On July 5th, Alton Sterling was killed by Baton Rouge police while selling CD's outside a convenience store. That same week, Philando Castile was killed by Minneapolis police after being pulled over for a broken taillight. Castile's girlfriend, Diamond Reynolds, and her young daughter, were in the car at the same time.
On July 10th at Church of the Pilgrims, our liturgy proclaimed #blacklivesmatter.
Our liturgy at Pilgrims has as solid structure--prelude, call to worship, sharing of thanksgivings, sharing the peace....
Yet we are a nimble bunch. When something horrific happens during the week, we are able to tell the horrific story by making last minute changes to the liturgy. While the structure might stay the same, the content or actions or songs might shift to reflect what's happened to the planet.
This is what we did on July 10th.
We scrambled around that morning, placing 12 candles on the table, filling the font with floating candles, making two #blacklivesmatter banners. One banner went around our communion table. The second one hung from our choir loft.
We had 12 candles on the table to name 11 African-Americans who were killed by police. While the list of African-Americans killed by police is longer than 11, I picked 11 names that were listed in a Washington Post article in early July. We added a 12th candle to represent the many others who have been killed.
During our prayer for illumination, two of our youth, Sam and Emma, helped to light the candles while I read the names. We read a few names, sang a song, read a few more names, sang the same song again, read a few more names, closed with the song. This moment was slow and contemplative.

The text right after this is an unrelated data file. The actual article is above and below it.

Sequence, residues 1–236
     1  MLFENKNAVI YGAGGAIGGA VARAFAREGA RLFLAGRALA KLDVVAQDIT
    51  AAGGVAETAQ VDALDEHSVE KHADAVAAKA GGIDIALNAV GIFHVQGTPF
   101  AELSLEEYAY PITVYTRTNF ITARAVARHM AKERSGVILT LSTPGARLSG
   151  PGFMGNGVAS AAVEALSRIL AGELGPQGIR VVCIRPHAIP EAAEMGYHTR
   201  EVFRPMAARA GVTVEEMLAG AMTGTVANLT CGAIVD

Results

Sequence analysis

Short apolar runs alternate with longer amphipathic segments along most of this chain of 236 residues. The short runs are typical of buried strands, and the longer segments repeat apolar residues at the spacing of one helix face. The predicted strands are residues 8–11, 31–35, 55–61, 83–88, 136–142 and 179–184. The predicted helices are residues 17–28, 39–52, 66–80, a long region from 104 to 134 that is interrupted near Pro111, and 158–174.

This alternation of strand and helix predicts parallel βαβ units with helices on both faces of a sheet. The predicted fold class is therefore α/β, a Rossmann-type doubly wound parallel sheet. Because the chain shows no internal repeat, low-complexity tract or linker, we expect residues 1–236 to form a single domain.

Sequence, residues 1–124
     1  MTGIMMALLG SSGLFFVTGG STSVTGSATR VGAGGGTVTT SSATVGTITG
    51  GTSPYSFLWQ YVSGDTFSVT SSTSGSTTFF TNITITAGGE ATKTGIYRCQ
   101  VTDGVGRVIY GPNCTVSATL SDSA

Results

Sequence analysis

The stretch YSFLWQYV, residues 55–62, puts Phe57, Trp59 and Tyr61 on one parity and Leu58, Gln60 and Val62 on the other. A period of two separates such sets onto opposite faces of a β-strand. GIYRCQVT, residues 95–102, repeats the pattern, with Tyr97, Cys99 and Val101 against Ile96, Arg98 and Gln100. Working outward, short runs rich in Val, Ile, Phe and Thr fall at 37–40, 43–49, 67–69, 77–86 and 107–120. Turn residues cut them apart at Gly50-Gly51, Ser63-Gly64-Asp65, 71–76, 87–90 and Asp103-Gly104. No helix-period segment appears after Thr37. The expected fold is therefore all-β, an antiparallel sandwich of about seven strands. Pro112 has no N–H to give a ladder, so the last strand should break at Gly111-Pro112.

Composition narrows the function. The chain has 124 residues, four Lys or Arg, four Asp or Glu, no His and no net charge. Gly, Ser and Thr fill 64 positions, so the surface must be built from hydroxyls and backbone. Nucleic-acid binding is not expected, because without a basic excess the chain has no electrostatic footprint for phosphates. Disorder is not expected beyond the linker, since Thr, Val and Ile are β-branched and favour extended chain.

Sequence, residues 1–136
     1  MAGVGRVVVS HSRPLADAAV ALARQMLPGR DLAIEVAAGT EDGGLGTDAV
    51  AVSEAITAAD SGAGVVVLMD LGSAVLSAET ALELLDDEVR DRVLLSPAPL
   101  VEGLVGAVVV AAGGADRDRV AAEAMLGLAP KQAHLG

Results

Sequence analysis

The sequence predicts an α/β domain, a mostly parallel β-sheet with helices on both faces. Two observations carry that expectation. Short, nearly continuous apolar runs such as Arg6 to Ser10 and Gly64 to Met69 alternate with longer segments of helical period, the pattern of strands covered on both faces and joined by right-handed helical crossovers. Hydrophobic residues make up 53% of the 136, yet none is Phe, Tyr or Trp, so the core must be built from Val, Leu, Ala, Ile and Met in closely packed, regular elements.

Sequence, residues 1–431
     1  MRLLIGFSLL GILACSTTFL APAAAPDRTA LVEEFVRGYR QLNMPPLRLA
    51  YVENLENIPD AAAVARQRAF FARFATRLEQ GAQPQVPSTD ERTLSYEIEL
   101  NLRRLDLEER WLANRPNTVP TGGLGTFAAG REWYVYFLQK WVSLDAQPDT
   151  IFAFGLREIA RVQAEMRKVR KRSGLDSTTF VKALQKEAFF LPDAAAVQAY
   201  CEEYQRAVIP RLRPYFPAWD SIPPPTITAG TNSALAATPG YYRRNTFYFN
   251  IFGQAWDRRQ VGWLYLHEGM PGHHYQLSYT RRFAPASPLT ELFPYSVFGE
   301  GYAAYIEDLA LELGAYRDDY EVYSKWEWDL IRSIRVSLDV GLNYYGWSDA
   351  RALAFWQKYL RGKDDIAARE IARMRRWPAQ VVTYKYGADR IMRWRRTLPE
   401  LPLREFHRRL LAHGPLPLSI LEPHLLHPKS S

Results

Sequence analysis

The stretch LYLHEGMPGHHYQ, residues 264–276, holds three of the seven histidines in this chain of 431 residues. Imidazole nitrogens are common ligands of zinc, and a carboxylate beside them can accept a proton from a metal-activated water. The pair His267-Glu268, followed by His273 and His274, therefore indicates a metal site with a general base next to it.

Rachel Ford, our summer intern, was set to preach on excerpts from the Book of Job. Rachel kept the Job texts, pulling in more of her own story of naming, claiming, and resisting the social construction of whiteness.
During prayers of the people, we read the names again. Eleven people in the congregation took turns calling out a name and this time we added the object that was connected to their death.
Alton Sterling, CD
Philando Castile, broken taillight
Eric Garner, cigarettes
The list continued....
We also read the names of the five police officers killed in Dallas during a peaceful #blacklivesmatter march.
I asked two of our elementary aged kids to read two names of African-Americans killed by police during prayers of the people.
This is what happened with one of our kids.
I asked Pilgrim kid to read a name during prayers of the people. Pilgrim kid said yes. Pilgrim kid then went to the bathroom and
turned his shirt inside out. His shirt had a Super Dino cartoon on it and Super Dino was holding a gun.
Pilgrim kid thought it would be inappropriate for him to read a name while wearing the t-shirt. He turned the shirt inside out.
When we include kids in liturgy, when we ask kids to participate in meaningful ways in liturgy they have something to react/respond to. Inviting creates a structured moment, giving kids the experience of making a choice and a decision about how they will respond to the invitation to participate.
In Pilgrims nimble state, we were able to organize our religious life around the killings of Sterling and Castile.
In inviting people to read names, especially two of our Pilgrim kids, folks were able to interpret their individual lives and Pilgrims around #blacklivesmatter.
We're baptized in these waters (baptized in these waters) And in each other's blood (and in each other's blood)
-from American Skin (41 Shots), Bruce Springsteen.
Our Pilgrim kid was given the experience to interpret his clothing and actions in relationship to #blacklivesmatter. This is how our liturgy constructs identity and worldview, and how liturgy can give us the choice to enact those identities and worldviews in order to create a world made new.